From 5 a.m. Monday to about 2 p.m. Thursday I was the definition of productivity. Writing goals were met, laundry was washed AND put away, food was prepped and cooked, and lessons were planned. I exercised, drank plenty of water, went to bed early and woke up before the dawn.
Basically, I was killing it.
On Thursday I felt myself starting to slow down. I began feeling tired and depleted, and the couch/tv combination of earlier times began to sound appealing again despite all that I had accomplished and the knowledge that my newfound schedule and priorities were better for everyone (including me).
By Friday morning I was d-o-n-e. I slept in until 6:30, barely got through the revisions that needed to be done before the weekend, and couldn’t even muster the energy to watch the film version of a play I am writing a chapter on. I was no longer kicking butt and taking names; my butt had been kicked and I couldn’t remember my name.
Was my newfound productivity unsustainable? Were my new resolutions regarding sleep, exercise, and living in the present (including getting tasks done today rather than putting them off until tomorrow) about to go the way of so many older resolutions? Fondly remembered but ultimately impractical?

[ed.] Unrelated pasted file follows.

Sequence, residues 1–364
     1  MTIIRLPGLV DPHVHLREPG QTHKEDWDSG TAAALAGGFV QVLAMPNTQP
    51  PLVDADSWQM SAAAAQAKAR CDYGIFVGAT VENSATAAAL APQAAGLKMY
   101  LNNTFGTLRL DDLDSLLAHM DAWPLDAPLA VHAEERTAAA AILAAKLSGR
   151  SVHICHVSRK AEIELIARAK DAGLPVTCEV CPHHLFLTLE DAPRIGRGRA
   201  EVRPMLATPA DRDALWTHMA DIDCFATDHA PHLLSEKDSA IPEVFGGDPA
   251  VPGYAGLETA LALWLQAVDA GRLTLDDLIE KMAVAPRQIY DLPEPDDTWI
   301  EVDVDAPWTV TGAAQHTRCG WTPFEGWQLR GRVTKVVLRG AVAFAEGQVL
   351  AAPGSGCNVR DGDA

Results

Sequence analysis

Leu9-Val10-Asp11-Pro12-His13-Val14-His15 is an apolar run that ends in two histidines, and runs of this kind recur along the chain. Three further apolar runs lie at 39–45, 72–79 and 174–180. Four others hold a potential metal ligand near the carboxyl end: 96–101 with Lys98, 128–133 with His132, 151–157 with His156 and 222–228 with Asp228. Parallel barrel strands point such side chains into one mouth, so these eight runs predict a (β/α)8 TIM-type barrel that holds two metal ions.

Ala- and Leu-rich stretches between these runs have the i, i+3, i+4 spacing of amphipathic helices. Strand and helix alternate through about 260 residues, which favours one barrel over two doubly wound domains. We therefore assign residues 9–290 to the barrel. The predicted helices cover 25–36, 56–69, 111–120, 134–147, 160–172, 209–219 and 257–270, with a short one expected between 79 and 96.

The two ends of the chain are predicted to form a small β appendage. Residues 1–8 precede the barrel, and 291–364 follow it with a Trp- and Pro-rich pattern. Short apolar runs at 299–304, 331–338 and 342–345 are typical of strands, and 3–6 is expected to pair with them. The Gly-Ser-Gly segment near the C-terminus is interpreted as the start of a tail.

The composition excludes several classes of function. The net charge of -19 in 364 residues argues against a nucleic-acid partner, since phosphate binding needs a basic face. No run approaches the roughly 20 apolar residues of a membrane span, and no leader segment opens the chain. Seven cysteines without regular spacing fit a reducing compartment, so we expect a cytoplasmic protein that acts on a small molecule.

Then, I took a step back and really examined my mental and physical symptoms. I had been fighting a sinus cold for days; I began teaching again this week; in addition to my normal writing schedule, I had a stack of revisions to work through and I had set not-too-distant deadline for a full, polished draft and defense; and I had begun a more rigorous exercise regimen (in truth, it was the most intense exercise I had engaged in for years).
No wonder I was tired! There was nothing wrong with the way I had used my time from Monday-Thursday; in fact, all of the work I got done during that time created a space later in the week for some self-care, like taking sinus medicine (which can make productivity grind to a halt as it blurs mental clarity more quickly than a pint of vodka).
By taking care of business when I was at 100%, I was able to rest peacefully and recuperate when I was sinking to 20% (<– an optimistic assessment).
In my previous all-or-nothing mentality, I was either working out regularly or loafing; writing or watching tv; keeping a clean home or ignoring the mess. By focusing on the present, I am better able to gage what are realistic goals for a given day. I am reminded that I am not perfect; I’m human. By taking myself and what I can accomplish too seriously, I risk ignoring signs of exhaustion and sickness, thus tempting long-term burnout that could have been avoided had I just taken the medicine and indulged in a nap or two.
I have an addictive personality in which I am always tempted to push myself beyond what seems a comfortable threshold. There is nothing inherently wrong in this–actually, pushing beyond our boundaries allows for greater mental and physical abilities–but we must rest after intense exertion so that what has been stretched can recover.
This weekend I encourage you to take some time for yourself, to schedule a nap, and to recharge your batteries. Monday will come whether we want it to or not, and in order to be productive then, we must rest now.